Case File: No. 1
My husband was washing dishes,
his hands in those yellow rubber gloves,
the water running, a hum.
I looked up to a sink full of soap,
limp gloves on tiles.
Case File: No. 2
I scoured the woods on my own
after 9-1-1 was reduced to a busy signal.
Kept checking under the same log.
Your shovel, pink with a purple sparkled
handle, dug into the ground next to
a particularly pleasing pine.
Case File: No. 3
I left school early,
took the train to the sea,
smoked till dusk, heard
the news while waiting
on the platform. Listed among
the missing. I have
no need to go home.
Case File: No. 4
I cannot explain where the bulk
of my world went between breaths:
books float, the air has a blue
tinge and walls have started
to share their history
in pubescent voices.
I keep the last part to myself.
Case File: No. 5
When I wake, the laptops are still
snuggling, one on top of the other
She is not pressed in beside me,
not waiting in the kitchen
with a mug of coffee.
Case File: No. 6
We were alone on the top floor
of a building, mid construction,
no foreman barking orders.
Case File: No. 7
The stars thick above me,
fireflies coming out of the marsh,
mating. I leaned over to shake
my wife awake in her sleeping bag,
but the synthetic plaid
covered no one. I waited
two days, smoking
till my pack ran out.
Case File: No. 8
I might as well have been
in space, the circle of white
false light, that magnetic
hum. I cannot see them anymore,
the technicians in their scrubs.
Case File: No. 9
A house aflame.
Case File: No. 10
I find myself blaming him
for leaving his shirt on the sofa,
the half finished mantelpiece,
thin leaves of wood
curled on the landing.
Even weeks later his hairs
on the floor, brown strands
sticking to my socks.
Case File: No. 11
All that remains of him is a bruise
below my thigh, green tea yellow.
Case File: No. 12
Was it a matter of geographic positioning,
or did they do something right?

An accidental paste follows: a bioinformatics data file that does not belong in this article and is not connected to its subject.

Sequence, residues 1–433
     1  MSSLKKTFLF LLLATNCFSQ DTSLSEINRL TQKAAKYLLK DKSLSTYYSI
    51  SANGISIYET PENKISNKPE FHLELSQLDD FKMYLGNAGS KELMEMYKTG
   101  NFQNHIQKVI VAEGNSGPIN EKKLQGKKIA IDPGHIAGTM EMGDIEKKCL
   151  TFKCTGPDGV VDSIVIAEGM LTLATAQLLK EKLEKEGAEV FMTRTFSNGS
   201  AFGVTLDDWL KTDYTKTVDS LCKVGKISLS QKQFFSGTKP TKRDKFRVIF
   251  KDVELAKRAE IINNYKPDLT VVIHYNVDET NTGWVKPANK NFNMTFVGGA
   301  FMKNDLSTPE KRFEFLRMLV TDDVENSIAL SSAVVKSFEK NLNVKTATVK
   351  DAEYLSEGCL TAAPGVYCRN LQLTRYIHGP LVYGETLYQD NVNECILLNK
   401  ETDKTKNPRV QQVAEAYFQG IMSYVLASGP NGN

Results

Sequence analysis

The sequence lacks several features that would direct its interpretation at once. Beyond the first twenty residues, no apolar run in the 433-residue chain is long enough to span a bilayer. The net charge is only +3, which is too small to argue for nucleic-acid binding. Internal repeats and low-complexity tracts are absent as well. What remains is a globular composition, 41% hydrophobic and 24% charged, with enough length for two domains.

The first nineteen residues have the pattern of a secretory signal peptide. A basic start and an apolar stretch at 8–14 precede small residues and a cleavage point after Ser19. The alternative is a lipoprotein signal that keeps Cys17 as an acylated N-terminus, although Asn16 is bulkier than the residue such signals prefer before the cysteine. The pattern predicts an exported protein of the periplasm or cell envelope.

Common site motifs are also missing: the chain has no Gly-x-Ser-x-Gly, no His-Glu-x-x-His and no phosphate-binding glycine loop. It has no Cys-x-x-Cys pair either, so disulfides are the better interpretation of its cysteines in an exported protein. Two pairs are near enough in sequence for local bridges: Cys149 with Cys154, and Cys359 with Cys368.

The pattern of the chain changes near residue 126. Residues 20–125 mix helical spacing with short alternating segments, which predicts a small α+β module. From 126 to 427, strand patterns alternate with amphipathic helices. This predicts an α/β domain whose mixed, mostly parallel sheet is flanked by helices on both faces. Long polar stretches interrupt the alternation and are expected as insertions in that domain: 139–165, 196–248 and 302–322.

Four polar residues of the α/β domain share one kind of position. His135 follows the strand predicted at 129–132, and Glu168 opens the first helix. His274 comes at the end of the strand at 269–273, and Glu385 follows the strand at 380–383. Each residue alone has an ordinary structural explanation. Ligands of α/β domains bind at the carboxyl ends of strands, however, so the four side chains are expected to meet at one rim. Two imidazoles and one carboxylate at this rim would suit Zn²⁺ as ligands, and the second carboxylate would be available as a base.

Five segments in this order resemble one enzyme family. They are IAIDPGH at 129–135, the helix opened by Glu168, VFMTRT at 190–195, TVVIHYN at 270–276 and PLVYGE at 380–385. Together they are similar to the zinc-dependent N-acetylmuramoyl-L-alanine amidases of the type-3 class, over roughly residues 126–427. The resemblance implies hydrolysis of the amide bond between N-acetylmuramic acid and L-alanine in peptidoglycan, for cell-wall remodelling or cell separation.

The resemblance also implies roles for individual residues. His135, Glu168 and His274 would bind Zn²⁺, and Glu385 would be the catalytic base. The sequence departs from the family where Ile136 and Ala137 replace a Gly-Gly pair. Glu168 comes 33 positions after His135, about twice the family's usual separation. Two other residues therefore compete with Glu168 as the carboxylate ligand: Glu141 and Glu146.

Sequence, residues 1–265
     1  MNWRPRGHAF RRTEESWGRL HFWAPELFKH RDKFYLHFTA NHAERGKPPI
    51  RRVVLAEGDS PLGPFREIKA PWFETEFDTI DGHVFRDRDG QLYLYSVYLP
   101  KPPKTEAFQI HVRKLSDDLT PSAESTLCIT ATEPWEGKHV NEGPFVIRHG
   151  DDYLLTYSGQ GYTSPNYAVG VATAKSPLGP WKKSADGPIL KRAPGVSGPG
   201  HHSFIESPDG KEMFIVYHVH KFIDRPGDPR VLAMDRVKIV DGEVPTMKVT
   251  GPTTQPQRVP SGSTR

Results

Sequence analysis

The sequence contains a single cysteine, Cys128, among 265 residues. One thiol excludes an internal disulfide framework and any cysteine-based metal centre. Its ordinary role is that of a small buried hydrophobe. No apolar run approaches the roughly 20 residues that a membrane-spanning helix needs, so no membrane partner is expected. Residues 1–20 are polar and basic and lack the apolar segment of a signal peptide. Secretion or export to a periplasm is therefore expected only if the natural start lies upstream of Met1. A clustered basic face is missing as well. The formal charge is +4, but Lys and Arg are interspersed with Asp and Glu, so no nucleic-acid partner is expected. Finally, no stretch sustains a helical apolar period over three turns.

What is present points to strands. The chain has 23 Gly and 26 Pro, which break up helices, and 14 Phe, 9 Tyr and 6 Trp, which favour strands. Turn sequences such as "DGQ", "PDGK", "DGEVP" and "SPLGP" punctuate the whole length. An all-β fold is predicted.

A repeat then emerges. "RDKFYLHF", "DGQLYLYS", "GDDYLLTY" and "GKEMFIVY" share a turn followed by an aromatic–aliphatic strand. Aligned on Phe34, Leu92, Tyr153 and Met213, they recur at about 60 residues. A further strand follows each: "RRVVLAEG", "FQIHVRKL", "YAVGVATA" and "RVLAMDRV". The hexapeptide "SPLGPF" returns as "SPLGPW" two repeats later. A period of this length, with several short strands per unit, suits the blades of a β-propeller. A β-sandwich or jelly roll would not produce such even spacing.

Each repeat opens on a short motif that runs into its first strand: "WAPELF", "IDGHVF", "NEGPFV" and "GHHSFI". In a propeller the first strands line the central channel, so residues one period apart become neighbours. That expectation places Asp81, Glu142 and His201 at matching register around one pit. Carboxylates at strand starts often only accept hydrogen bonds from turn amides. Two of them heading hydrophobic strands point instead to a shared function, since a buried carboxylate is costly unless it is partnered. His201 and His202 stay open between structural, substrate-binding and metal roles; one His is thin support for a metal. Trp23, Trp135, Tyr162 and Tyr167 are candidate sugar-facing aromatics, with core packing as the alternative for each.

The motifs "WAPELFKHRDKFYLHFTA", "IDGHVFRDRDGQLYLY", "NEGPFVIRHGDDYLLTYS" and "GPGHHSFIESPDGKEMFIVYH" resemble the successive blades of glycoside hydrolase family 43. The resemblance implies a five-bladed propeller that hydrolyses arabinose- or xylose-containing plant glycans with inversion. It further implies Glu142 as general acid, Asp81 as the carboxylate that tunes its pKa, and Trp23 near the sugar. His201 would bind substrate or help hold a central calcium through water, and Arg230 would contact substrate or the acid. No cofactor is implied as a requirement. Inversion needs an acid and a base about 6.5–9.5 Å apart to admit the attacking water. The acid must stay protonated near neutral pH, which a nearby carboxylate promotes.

My boss, vanishing at the three hole punch,
certainly didn’t believe in God.
I don’t recall my barista
being generous, but I saw her picture,
shellacked to a telephone pole.
Case File: No. 13
I sat on the porch, lunchbox in hand,
until the red haired lady next door,
led me to her kitchen, piled a blue
plate full of gingerbread cookies,
pushed it in front of me.
Case File: No. 14
Rent is so cheap now.
I am alone on the top floor
of a brownstone. My landlord
loves hearing my
footsteps above her.
Case File: No. 15
The people on my block
crowd together, one
our home. Strangers
Case File: No. 16
Alone on the farm, I found out later.
But I still don’t know for sure,
it could all be a hoax.
The man that delivers my milk
still pops by once a week.
Case File: No. 17
People no longer talk about loss
as if it is something only they feel.
We dance in public. If a wail
is heard we hug the stranger.
So familiar is the sound of our bodies
before they fall asleep.
Case File: No. 18
I miss a good conversation
about world politics or pie making.
Now it’s always about missing,
Case File: No. 19
The church is full.
Case file: No. 20
Did you hear about any dogs
vanishing, cats disappearing,
like magicians assistants?
No. I didn’t think so.
Case File: No. 21
To walk the streets of Toyko now,
is to dream. Still the buildings,
lights, but so few people. Touch
no longer an accident.
Case Files: No. 22
Damn your tears and tissue,
you survived, celebrate! Have beer,
smoke, shoot out the windows
of the house, now empty, next door.
Previously published in NEON Magazine.
Caitlin Elizabeth Thomson is a Canadian currently residing in Brooklyn, New York. Her work has appeared or is forthcoming in places such as The Literary Review of Canada, Softblow, A cappella Zoo, The Toronto Quarterly, Welter, Going Down Swinging, Labletter, and the anthology Killer Verse. Caitlin’s “Cowboys of the Apocalypse” is also in Reprint.
Object(s) to bring back to life: “I would bring back old fashioned radio plays, for example, The Shadow, and the practice of dressing up for the theater. “